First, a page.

Second, as Canada's centre of excellence for cyber-operations, CSE operates at the forefront of changes in technology. The act would strengthen the cybersecurity and information-assurance aspect of CSE's mandate. Notably, the act would improve CSE's ability to defend important non-Government of Canada networks and to share cyber-threat information and mitigation advice. Taken altogether, the CSE act will strengthen Canada's cyber-defences by better protecting Canadians' most sensitive information and important cyber-networks from compromise.
Third, and of particular interest to National Defence, the technical and operational-assistance aspect of CSE's mandate would clarify that CSE is allowed to provide assistance to the Canadian Armed Forces and the Department of National Defence. This will enable CSE to better support Canada's military missions and the brave women and men of the Canadian Armed Forces serving in theatre.
Of course, CSE already provides important intelligence to the forces under the foreign intelligence aspects of CSE's mandate. This legislation would allow CSE to do more to help them to, among other things, conduct active cyber-operations in support of government-authorized military missions. Bill C-59 will enable CSE and the Canadian Armed Forces to better co-operate to ensure the best use of tools and capabilities to meet mission objectives.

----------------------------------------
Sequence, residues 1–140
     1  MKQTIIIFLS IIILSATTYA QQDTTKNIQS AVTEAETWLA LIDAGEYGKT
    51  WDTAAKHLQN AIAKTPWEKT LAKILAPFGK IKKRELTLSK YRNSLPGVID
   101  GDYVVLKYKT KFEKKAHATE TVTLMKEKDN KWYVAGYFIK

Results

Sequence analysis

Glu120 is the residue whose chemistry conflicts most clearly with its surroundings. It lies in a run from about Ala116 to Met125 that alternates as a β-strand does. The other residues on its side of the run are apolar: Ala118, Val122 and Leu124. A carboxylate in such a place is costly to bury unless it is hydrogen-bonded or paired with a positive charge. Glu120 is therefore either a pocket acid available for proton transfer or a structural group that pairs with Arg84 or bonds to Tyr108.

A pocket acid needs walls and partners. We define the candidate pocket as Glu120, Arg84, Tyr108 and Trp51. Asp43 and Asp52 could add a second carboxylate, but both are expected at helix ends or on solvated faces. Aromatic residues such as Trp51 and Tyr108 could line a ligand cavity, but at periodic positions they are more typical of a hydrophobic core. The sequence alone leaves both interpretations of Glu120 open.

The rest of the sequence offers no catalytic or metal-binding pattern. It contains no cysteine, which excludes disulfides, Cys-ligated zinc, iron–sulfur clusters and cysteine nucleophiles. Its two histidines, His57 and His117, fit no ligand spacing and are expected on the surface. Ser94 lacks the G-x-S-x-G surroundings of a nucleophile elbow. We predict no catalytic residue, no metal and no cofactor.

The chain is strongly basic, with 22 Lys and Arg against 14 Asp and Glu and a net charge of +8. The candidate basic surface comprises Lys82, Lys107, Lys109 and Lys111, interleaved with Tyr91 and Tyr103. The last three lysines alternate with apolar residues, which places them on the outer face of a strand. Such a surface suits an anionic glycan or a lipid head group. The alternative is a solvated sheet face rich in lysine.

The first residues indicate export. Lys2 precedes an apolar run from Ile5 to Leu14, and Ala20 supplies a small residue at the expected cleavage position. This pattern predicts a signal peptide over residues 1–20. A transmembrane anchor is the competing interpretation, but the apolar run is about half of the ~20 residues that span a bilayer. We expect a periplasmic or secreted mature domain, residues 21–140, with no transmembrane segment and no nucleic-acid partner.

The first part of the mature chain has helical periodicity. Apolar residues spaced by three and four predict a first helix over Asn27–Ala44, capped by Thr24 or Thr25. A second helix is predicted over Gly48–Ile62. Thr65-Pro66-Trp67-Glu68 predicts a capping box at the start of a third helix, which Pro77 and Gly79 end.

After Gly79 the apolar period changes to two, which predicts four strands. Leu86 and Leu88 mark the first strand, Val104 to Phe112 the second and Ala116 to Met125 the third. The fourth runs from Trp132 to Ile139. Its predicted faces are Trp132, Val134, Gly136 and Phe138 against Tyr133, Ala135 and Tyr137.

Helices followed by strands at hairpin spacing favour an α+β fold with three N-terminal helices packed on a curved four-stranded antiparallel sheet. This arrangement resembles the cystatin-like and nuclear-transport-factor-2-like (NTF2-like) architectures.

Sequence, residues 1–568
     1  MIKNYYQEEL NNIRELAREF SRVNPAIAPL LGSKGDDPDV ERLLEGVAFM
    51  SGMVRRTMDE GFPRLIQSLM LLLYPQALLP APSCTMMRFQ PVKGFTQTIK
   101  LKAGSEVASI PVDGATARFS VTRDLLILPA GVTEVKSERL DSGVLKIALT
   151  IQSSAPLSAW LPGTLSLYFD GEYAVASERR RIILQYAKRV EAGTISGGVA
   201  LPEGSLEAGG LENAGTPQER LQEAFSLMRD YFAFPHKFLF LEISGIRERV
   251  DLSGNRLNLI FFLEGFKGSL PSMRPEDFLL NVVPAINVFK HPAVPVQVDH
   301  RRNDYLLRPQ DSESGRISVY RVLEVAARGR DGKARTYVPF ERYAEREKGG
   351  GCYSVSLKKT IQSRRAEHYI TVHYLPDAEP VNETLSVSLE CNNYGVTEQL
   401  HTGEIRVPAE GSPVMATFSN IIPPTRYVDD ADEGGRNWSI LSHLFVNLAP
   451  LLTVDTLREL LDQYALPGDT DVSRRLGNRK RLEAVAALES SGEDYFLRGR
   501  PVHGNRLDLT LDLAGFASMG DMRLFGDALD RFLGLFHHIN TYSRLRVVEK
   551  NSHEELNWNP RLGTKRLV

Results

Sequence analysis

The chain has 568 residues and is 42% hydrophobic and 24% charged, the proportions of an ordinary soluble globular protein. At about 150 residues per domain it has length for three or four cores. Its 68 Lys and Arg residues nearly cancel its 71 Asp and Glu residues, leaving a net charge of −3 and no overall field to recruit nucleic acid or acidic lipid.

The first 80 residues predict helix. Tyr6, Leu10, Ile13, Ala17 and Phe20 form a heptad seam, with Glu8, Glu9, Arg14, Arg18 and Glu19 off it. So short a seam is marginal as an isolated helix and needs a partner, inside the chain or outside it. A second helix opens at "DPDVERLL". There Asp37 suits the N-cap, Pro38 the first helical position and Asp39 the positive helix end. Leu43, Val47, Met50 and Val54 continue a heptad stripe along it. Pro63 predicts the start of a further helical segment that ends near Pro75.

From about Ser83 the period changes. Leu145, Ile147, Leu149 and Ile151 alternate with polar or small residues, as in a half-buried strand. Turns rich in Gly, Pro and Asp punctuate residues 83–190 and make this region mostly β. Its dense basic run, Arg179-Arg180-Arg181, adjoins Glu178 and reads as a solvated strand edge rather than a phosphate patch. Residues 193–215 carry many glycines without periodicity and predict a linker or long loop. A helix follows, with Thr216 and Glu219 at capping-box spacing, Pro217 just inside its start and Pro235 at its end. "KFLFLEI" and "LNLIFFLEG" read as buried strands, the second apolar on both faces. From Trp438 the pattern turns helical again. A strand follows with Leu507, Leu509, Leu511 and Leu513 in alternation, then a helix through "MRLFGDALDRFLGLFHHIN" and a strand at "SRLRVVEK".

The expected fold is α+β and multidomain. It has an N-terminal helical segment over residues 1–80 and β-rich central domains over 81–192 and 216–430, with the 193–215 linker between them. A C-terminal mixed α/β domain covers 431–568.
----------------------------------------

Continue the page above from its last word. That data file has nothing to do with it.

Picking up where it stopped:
The Department of National Defence and the Canadian Armed Forces look forward to the opportunity to work more closely with CSE to leverage its capabilities and expertise, as outlined in Canada's new defence policy “Strong, Secure, Engaged”.
I also want to discuss a crucial element of the proposed CSE act: foreign cyber-operations. I know that in her appearance before committee last month, the associate chief of CSE, Shelly Bruce, spoke to you about the active cyber-operations and exactly what they would look like in practice. Today I want to reiterate why these operations are important and why they are needed to protect the security of Canadians.
CSE's foreign cyber-operations mandate will provide Canada with the cyber-means to respond to serious foreign threats or international crises as part of a broader strategic approach.
For example, CSE would use active cyber-operations to prevent a terrorist's mobile phone from detonating a car bomb, or CSE could impede the ability of terrorists to communicate by obstructing their communications infrastructure.